No other windows are included in this simple example.
Step 05: Defining the visualized components
The example building consists of four visualized components that surround the simulated zone: Floor slab, ceiling, exterior wall and the window. In this step we define the assemblies and additional parameters of these four components.
We start with the exterior walls. Select the component in the “Project Tree” (1) and its general information is shown. Enter a significant name (2) and check if the type and attachments on the inner and outer sides (3) are correct. The name of the component appears also in the “Project Tree” to facilitate navigation in the project.
Next, the assembly of the component has to be defined, so switch to the “As-sembly”-tab. For this example, we use a predefined assembly from the WUFI® Plus Database, a lightweight timber framed wall. Click “Select from Database” (1) and the Database opens. Use the “Search pattern” (2) to find the desired assembly (“Lightweight timber framed wall”), as shown in the figure below. By clicking the “Apply”-button (3) the selected assembly from the database is applied to the exterior walls of our example.
Settings for the hygrothermal conditions on the components surfaces can be defined in the “Surface”-tab. On the “Thermal” side we adjust the solar ab-sorption and emission coefficients for the exterior surface and select predefined values for “Stucco, normal bright”:
For this component, the surface conditions for “Moisture” and “Climate on outer surface” remain unchanged. Also, settings for the “Initial Conditions” and special calculation options in the “Numerics”-tab stay with their preset standard values.
In the “Report: Data & results”-tab the option “Retain calculation results” is check marked. Now WUFI® Plus saves all calculation results for this component and they can be evaluated after the simulation.
As we want to retain the calculation results for all other components of the simulated zone, too, we use the “Assign data”-function to set this option for them. This function saves time, as it allows setting certain parameters for a selection of other components automatically. Click the “Assign data”-button (1) in the “Tool Bar” and the “Assign data”-window opens as in the figure below. On the right side (3), all parameters are listed that can be assigned to other components, in this case, only “Retain calculation results” is listed. On the left side (2), all available components are listed. Select all components of the simulated zone, then click the “OK”-button and confirm in the next dialog, that the existing settings of the other components will be overwritten. Now, the calculation results of all components will be retained after the simulation.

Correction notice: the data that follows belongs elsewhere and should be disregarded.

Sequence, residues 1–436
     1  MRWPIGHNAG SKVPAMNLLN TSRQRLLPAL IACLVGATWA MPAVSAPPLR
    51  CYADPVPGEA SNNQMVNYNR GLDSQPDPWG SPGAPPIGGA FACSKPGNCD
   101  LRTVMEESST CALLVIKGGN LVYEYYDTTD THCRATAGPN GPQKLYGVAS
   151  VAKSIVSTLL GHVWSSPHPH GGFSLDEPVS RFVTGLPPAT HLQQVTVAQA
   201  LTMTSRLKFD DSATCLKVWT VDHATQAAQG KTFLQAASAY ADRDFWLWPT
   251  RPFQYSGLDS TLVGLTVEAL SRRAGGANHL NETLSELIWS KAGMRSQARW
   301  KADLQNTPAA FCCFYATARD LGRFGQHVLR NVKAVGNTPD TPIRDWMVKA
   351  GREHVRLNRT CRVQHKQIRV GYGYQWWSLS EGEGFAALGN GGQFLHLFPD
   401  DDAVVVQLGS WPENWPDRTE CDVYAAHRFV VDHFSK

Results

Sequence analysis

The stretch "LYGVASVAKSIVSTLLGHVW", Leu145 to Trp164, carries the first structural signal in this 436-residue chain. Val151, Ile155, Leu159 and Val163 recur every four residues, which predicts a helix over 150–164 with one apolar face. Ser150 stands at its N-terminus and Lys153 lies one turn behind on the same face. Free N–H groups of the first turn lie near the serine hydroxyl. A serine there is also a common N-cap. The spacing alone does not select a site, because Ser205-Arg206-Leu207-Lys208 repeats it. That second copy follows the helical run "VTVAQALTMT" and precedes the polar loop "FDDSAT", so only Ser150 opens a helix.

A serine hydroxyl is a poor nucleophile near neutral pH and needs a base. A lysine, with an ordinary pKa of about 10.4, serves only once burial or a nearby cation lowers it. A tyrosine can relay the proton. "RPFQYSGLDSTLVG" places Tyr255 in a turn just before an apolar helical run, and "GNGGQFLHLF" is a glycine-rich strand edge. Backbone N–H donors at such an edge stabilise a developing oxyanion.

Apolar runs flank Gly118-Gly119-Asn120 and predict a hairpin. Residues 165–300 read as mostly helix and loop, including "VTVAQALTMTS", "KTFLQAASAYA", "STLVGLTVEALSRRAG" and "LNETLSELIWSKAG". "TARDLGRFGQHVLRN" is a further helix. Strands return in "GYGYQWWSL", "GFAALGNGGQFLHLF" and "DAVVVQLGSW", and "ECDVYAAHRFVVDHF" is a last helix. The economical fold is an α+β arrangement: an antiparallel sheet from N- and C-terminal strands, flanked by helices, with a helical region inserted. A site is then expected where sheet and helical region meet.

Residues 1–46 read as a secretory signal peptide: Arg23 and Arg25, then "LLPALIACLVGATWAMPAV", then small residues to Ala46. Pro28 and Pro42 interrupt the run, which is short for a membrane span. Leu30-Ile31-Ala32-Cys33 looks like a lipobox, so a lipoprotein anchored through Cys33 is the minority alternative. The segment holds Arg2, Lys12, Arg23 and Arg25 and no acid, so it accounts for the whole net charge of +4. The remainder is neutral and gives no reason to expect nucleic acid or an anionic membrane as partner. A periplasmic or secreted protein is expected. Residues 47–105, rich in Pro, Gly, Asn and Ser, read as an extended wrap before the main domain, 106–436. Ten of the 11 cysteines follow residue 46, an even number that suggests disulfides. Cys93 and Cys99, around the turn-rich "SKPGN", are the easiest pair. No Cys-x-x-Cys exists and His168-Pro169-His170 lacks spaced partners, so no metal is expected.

The settings for the exterior wall are complete. Proceed with the next component.
The next assembly is the ceiling. We proceed in the same way as for the exterior wall: Name the component, check the type and the inner and outer attachments.
Again, use an assembly from the database. Search for “Flat Roof#1” and assign this assembly:
All other settings for this component remain at their default values. As the “Assign data”-function was used before, the calculation results for the ceiling will be retained.
For the window we proceed as before: First, naming and checking the data in the “General”-tab. Then select a window type from the database, which works the same as with the assemblies described before. Search for “Uncoated double glazing” and apply the window:
Window parameters can be altered by clicking the “Edit”-button in the “Window parameters”-tab. However, in this example the settings from the database remain unchanged. Also no settings are made in the “Surface”-tab and no solar protection is added.
The last component is the floor slab. Name it and check the settings in the “General”-tab. This time no assembly from the database is used hence a new one has to be defined. Click the “Edit”-button in the “Assembly”-tab and the “Edit assembly”-window opens: